A very interesting example of public health policy in subtle action. This story tells us:
Folic acid is to be added to UK flour to help prevent spinal birth defects in babies, the government has announced.
Women are advised to take the B vitamin - which can guard against spina bifida in unborn babies - before and during pregnancy, but many do not.
It is thought that adding folic acid to flour could prevent up to 200 birth defects a year.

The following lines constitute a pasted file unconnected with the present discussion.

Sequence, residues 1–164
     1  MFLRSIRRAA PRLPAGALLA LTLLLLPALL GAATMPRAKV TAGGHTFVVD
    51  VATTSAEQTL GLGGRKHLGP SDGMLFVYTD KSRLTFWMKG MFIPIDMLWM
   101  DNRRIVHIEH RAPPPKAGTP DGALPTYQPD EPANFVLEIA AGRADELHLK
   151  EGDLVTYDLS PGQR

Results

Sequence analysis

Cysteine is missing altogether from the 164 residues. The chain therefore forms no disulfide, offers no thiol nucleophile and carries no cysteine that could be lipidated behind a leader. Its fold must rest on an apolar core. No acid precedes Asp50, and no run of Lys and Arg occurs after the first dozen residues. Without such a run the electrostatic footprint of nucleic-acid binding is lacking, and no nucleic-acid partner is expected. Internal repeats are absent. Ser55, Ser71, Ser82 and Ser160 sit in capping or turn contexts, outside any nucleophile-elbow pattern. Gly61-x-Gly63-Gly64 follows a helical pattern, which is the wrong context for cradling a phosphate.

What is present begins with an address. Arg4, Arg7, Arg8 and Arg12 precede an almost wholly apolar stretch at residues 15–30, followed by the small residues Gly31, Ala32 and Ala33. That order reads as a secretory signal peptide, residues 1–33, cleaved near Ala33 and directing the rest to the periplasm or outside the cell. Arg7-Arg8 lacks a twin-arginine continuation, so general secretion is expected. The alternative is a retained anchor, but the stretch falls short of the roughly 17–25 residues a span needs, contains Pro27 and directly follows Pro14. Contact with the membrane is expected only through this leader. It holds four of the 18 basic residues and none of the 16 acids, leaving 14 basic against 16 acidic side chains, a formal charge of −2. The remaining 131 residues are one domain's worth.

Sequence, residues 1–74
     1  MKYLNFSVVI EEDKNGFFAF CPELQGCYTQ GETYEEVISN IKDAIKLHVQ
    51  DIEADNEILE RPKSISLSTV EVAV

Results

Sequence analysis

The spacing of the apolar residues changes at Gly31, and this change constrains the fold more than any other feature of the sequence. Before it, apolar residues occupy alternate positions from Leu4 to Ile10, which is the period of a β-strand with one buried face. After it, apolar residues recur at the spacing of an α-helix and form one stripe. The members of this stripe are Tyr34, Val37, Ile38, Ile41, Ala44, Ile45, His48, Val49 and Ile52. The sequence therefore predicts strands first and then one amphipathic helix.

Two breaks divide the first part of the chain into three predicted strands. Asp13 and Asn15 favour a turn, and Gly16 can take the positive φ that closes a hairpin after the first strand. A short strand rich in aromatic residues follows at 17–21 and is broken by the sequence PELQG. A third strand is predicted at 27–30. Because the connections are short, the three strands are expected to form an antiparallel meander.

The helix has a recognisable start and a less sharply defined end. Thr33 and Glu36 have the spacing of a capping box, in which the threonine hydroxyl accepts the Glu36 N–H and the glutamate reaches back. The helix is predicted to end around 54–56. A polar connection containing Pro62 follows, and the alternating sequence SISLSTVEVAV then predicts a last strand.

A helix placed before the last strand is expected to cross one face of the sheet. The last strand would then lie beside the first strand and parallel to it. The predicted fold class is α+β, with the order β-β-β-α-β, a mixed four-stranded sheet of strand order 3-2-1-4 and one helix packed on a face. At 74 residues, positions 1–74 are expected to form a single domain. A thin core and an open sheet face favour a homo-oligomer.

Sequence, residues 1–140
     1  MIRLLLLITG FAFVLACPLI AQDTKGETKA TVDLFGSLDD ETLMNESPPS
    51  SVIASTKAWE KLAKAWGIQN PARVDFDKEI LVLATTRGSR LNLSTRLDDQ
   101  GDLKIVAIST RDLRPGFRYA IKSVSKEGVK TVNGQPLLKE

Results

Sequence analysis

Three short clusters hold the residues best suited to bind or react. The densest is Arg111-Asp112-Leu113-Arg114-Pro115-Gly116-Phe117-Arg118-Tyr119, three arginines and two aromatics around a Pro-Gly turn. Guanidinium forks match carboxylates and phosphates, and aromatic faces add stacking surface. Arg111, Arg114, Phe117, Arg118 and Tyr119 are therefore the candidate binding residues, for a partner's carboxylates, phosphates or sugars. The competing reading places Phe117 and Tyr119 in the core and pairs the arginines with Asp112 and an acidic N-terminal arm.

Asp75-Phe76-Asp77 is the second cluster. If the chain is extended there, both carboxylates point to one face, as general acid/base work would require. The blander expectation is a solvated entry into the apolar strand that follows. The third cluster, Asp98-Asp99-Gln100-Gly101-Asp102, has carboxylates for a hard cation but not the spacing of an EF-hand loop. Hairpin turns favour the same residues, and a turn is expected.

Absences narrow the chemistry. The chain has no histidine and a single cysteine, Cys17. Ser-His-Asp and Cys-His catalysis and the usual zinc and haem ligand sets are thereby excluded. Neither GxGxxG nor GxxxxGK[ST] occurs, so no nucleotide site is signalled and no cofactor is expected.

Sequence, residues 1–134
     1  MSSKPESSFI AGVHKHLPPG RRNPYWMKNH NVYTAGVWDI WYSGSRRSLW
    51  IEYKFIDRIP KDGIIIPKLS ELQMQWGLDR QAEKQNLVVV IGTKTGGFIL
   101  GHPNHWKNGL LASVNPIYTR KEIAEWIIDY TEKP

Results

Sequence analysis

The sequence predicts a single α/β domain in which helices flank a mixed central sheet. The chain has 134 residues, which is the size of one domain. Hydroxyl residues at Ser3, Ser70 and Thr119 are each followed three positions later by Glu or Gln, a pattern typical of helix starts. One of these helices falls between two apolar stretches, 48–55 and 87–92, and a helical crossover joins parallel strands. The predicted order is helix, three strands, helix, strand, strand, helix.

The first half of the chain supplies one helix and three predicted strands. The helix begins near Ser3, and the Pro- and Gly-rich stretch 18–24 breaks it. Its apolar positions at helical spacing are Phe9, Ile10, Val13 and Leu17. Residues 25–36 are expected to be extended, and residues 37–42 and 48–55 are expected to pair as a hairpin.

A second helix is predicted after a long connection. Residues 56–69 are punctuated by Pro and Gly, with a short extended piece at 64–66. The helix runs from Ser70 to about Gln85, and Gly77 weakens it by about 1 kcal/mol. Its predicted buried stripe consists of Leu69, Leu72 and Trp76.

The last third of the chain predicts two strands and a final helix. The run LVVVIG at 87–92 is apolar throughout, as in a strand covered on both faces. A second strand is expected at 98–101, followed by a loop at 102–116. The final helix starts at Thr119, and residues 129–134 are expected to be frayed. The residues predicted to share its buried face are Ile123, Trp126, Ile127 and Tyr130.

The new rules will only apply to non-wholemeal wheat flour, with gluten-free foods and wholemeal flour exempt.
Mandatory fortification - which the government ran a public consultation on in 2019 - will see everybody who eats foods such as bread getting more folic acid in their diets.
Neural tube defects, such as spina bifida (abnormal development of the spine) and anencephaly, a life-limiting condition which affects the brain, affect about 1,000 pregnancies per year in the UK.
Many babies diagnosed with spina bifida survive into adulthood, but will experience life-long impairment.
Women are advised to take 400 micrograms of folic acid a day for at least a month before conception and up to the 12th week of pregnancy.